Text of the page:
“Markets have reacted sharply to the initial trends of the NDA leading on around 290 seats which look way behind the exit polls which were projecting around 350-370 seats. With the NDA still looking to form a government, though with the important support of coalition partners, markets look jittery about the prospects of strong decision making. Markets believe that the reformistic approach, which was a hallmark of the previous two terms, might take a backseat in the third term. However, our sense is that it is still early to jump to conclusions and should ideally wait for a clearer picture.”

“The tighter-than-expected race to the Centre led to a correction in India ’s financial markets. Given that markets had run ahead of itself, the valuations look more promising after today’s correction. Even as the mandate is weaker than expected and with counting underway, the BJP -led NDA alliance is seen forming the government. With the NDA alliance partnering for a third term, we see policy continuity in the milieu of India’s robust macroeconomic fundamentals. Besides, a narrow margin victory for the BJP on its own could lead to faster required reforms which will further support India’s growth story. The banking and financial sector, at large, is expected to grow and contribute only positively to the growth story as we expect policy continuity under the BJP-led alliance for the third time, even with a weaker individual party victory.”

Siddarth Bhamre, Head of Research at Asit C Mehta Investment Interrmediates Ltd, said, “ BJP falling short of a complete majority won’t stop NDA from forming a new government along with its key allies. Stock markets have been expecting a complete majority for the BJP and a thumping victory for the NDA. Exit polls too cemented the expectations. Markets had factored in the best possible outcome and valuations are rich. However, the market is aware of the challenges associated with the coalition government. Now with election results not being one-sided, we are witnessing profit booking. We believe this profit booking may continue for some more time. Spaces like FMCG and IT may see less damage as defensive buying along with valuation comfort may keep them immune to this correction. Though we expect some correction to continue in the market, it would not be fair to consider it as the end of the bull market. Most likely this correction may turn out to be a hiccup in the long-term bull run.”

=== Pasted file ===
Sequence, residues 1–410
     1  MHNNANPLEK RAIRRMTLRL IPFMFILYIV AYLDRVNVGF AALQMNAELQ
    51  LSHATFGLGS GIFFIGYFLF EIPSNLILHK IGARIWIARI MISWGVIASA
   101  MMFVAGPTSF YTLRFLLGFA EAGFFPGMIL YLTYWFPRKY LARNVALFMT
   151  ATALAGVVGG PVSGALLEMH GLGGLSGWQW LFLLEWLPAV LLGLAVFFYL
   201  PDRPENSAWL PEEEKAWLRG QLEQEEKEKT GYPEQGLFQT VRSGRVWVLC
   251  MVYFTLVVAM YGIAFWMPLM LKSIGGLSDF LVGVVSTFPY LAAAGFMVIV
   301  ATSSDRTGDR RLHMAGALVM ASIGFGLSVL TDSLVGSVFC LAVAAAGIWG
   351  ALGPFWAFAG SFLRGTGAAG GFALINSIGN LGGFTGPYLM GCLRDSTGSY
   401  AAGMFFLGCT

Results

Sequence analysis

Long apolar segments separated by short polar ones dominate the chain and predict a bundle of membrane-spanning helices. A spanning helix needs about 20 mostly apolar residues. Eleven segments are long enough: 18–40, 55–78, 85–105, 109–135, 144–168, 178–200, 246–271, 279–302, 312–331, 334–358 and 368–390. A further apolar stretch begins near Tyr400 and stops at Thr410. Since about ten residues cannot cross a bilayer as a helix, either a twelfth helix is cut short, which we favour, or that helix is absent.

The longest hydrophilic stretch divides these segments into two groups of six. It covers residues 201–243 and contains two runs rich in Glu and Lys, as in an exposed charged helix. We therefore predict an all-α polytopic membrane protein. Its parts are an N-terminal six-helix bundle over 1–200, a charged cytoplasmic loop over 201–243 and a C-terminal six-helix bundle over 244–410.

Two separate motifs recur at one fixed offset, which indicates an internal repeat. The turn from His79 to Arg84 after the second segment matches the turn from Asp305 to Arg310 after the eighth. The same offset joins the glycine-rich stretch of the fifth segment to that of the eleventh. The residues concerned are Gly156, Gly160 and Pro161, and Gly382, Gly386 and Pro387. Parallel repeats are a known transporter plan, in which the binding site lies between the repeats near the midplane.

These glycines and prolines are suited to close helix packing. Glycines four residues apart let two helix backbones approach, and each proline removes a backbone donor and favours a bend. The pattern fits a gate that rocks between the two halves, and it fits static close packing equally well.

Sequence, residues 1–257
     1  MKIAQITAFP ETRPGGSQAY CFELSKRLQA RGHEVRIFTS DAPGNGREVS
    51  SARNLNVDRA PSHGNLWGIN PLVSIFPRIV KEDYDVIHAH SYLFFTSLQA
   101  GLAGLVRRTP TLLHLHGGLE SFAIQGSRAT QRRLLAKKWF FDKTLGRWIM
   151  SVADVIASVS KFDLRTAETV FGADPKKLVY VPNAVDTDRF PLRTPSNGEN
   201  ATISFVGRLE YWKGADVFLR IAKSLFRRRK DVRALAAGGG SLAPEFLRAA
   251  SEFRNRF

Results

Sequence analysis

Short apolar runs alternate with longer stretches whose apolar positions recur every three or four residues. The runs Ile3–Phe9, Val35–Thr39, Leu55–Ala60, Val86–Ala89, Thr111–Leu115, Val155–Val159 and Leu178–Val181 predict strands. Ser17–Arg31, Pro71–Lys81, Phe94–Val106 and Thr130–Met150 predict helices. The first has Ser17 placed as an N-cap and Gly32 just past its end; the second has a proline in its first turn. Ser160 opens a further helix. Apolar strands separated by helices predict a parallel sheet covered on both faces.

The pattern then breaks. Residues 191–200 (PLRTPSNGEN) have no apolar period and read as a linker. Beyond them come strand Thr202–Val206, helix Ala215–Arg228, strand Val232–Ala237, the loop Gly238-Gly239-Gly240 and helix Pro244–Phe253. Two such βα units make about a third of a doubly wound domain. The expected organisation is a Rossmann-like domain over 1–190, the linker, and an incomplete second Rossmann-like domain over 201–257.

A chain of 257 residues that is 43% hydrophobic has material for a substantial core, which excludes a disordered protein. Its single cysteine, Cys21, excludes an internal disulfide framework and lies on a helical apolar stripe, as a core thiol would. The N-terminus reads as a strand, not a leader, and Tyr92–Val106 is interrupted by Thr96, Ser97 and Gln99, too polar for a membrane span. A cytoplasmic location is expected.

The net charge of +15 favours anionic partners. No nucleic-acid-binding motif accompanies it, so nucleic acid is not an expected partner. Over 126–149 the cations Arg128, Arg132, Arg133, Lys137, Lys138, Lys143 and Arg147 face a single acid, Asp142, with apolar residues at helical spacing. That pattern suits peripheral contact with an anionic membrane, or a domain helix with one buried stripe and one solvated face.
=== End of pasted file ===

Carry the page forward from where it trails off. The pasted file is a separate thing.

Badal Yagnik, CEO, Colliers India , said, “The real estate sector expects continuation of structural reforms and policy support from the new Central government. RERA & GST implementation, national policies specific to logistic parks & data centers and overall infrastructure push in the form of National Infrastructure Pipeline & Gati Shakti National Master Plan have instilled a sense of confidence amongst various real estate stakeholders in the last decade. These long-term measures to balance growth while maintaining fiscal discipline will be pivotal to drive equitable public & private investment in the economy . A progressive and an economically viable vision is inevitable if the real estate sector is to reach a USD 1 trillion market , forming 13-15% of the country’s GDP by 2030.”

Shrinivas Rao, FRICS, CEO, Vestian, said, “The real estate market sentiments are optimistic as the stock market is moving northward, especially the BSE Realty Index which has crossed 8,400, reaching the highest level since 2008. Furthermore, it has grown by 4-5% in the past five days on the back of positive expectations from the newly elected government. We expect the newly elected government’s uninterrupted focus on infrastructure development and a boost to affordable housing in the coming years. Moreover, the real estate sector should be allocated industry status to ease the availability of funds and increase the participation of foreign investors.”